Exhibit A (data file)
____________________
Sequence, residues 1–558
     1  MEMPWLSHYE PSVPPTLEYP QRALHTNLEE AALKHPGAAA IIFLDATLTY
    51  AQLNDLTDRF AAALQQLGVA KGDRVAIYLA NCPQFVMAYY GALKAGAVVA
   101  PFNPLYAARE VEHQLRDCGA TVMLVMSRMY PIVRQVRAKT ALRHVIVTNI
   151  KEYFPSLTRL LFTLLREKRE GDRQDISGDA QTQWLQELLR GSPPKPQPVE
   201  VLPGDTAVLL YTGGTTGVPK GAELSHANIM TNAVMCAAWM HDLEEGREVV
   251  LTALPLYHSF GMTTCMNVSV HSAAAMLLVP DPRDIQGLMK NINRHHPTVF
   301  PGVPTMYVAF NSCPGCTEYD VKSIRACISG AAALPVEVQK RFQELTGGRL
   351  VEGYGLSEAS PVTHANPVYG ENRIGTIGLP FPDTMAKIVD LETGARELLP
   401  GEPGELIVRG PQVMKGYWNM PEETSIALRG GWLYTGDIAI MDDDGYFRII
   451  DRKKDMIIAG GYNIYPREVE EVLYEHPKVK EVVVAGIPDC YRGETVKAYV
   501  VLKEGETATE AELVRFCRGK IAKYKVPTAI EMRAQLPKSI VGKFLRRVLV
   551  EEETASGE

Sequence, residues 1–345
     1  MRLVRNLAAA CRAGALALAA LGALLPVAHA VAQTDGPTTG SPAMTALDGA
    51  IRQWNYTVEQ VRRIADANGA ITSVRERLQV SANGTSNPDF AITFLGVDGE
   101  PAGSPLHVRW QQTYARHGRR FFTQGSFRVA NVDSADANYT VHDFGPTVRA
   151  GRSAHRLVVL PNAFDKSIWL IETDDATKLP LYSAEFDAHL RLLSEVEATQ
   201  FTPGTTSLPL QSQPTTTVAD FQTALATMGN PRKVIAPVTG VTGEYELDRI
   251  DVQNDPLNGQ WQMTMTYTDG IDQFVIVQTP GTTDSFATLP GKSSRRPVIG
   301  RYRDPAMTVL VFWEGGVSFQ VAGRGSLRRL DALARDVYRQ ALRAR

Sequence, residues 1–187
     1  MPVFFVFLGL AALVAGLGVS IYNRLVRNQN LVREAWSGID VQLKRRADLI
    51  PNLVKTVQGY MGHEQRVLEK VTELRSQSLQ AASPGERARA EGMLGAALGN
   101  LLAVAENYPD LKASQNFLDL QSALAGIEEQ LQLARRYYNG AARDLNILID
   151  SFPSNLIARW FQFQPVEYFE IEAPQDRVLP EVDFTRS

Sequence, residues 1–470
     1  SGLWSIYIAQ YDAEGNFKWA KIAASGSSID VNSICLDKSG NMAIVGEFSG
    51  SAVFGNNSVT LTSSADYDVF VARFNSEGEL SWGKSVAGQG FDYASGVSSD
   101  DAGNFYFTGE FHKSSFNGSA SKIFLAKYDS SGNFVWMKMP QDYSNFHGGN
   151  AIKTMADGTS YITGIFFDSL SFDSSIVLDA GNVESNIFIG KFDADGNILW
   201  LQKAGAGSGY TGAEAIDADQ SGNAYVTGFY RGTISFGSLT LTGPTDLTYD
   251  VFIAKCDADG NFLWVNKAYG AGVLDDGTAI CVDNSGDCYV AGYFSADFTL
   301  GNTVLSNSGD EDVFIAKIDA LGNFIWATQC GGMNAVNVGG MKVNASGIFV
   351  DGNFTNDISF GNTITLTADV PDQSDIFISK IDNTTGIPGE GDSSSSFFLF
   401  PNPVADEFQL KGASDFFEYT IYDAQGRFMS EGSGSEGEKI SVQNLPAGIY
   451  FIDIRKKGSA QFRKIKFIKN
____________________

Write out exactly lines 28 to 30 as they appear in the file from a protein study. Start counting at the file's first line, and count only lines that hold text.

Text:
     1  SGLWSIYIAQ YDAEGNFKWA KIAASGSSID VNSICLDKSG NMAIVGEFSG
    51  SAVFGNNSVT LTSSADYDVF VARFNSEGEL SWGKSVAGQG FDYASGVSSD
   101  DAGNFYFTGE FHKSSFNGSA SKIFLAKYDS SGNFVWMKMP QDYSNFHGGN